Denzel Washington plays Doug Carlin, a top federal ATF official called to help investigate a terrible terrorist explosion that kills more than 500 people in New Orleans. The victims include many American sailors and their wives and children. Doug quickly identifies the bomb material that caused the explosion. He also discovers that the burned body of a beautiful young woman named Claire washed up on shore minutes before the explosion occurred. He finds out that Claire's stolen SUV was on the ferry that exploded and killed so many.
The FBI team leading the investigation to capture the domestic terrorist asks Doug to join their team. Help us tell what to look for and what to ignore, the team leader, Paul, asks Doug. Paul also shows Doug a new, futuristic TV monitoring device they are using that actually lets them look back into the past to find the terrorist. Since Claire's SUV may have been stolen just before the attack and used to carry the explosives, they decide to follow Claire's life to locate the terrorist.
Using the device, the FBI team uncovers the terrorist's identity and tries to send a note to Doug in the past so that he can prevent the terrorist's attack. That effort fails, but they capture the terrorist and so the government closes down its time-travel investigation. Doug thinks, however, that, if they can send a note back into the past, maybe they can send him back to the past to save Claire and the people on the ferry.
Time travel stories like this can be a little confusing and convoluted. They can also stretch the imagination to the breaking point whereby the story begins to have some holes that can't be explained. DÉJÀ VU is no exception to these problems. For instance, there seem to be a couple unresolved plot questions in the movie's climax that may irk viewers for years to come.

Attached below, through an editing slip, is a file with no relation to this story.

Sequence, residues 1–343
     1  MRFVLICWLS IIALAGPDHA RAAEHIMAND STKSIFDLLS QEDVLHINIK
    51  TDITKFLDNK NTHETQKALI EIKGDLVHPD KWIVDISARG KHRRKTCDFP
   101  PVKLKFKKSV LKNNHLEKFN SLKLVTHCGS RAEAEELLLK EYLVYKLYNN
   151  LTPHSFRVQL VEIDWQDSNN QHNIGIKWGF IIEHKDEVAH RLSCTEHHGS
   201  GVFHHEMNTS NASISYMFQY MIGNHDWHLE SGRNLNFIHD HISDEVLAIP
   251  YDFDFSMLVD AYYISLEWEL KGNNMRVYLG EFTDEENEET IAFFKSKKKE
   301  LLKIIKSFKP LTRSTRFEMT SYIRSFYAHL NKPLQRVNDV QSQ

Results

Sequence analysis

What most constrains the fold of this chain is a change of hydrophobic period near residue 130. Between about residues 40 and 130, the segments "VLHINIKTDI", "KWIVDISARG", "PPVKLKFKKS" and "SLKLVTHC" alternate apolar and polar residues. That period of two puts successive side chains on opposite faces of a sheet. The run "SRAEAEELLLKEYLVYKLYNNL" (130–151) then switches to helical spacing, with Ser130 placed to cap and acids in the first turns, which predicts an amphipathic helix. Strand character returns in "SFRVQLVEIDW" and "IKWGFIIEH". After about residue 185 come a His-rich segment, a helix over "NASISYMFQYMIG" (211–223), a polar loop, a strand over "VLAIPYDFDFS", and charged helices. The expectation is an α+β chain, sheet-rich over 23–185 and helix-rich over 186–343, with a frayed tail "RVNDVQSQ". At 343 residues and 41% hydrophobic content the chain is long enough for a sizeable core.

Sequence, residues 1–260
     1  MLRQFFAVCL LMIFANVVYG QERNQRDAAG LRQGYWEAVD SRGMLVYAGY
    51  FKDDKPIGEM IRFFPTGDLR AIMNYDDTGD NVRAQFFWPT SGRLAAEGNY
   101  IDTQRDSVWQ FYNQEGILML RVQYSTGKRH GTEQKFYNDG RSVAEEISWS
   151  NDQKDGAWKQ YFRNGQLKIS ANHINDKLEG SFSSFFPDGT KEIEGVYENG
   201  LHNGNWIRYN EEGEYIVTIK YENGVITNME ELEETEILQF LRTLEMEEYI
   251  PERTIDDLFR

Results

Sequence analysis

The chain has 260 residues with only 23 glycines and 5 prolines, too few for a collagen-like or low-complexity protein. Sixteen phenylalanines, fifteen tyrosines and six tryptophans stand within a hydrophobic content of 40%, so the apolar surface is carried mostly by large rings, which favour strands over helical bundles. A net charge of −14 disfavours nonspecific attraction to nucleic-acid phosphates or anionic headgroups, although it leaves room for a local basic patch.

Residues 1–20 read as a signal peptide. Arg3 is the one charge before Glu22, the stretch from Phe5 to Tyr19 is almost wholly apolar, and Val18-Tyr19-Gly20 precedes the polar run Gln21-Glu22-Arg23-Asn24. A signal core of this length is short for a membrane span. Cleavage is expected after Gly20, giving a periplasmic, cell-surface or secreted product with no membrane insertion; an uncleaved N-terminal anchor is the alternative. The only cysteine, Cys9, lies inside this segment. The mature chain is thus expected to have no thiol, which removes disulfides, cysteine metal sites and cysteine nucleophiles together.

If, however, viewers sit back and enjoy the ride, they should be intrigued by the movie's themes. Among the movie's more interesting themes are the ones surrounding the nature of time, the influence and importance of God in our lives, personal destiny, and our moral duty to help other people even at the risk of losing our own lives. It is these issues that lift DÉJÀ VU above the mundane time-travel story, not to mention the mundane thriller. In fact, if one were to surmise one lesson from this redemptive movie, it would be that, as children of God and followers of Jesus Christ, we are called by God to love God with all our minds, not to mention our whole heart and strength, and to love others as we love ourselves. That is our divine destiny.
DÉJÀ VU is perhaps the most entertaining, stimulating, morally uplifting, redemptive thriller of the year. That said, MOVIEGUIDE® advises caution for older children because of some brief foul language, violence and a brief nude scene shot in shadow.


In Brief:

DÉJÀ VU stars Denzel Washington as Doug Carlin, a federal police official called to investigate a terrible terrorist explosion killing more than 500 people in New Orleans. In trying to locate the terrorist behind the explosion, Doug works with a special FBI team using a new, futuristic TV monitoring device capable of looking back into the past. Doug discovers that the murder of a beautiful woman named Claire is tied to the crime. Eventually, Doug decides to use the device to go back in time to save the lives of Claire and the other murdered people.



DÉJÀ VU is perhaps the most entertaining, stimulating, morally uplifting thriller this year. It is an emotionally powerful movie with an exciting science fiction plot. It also has a very strong Christian worldview with stimulating themes about God, personal destiny and our moral duty to help other people even at the risk of losing our own lives. If you're going to see one thriller this year, you might want to consider DÉJÀ VU. That said, MOVIEGUIDE® advises caution for older children because of some foul language, violence and brief rear female nudity shot in shadow.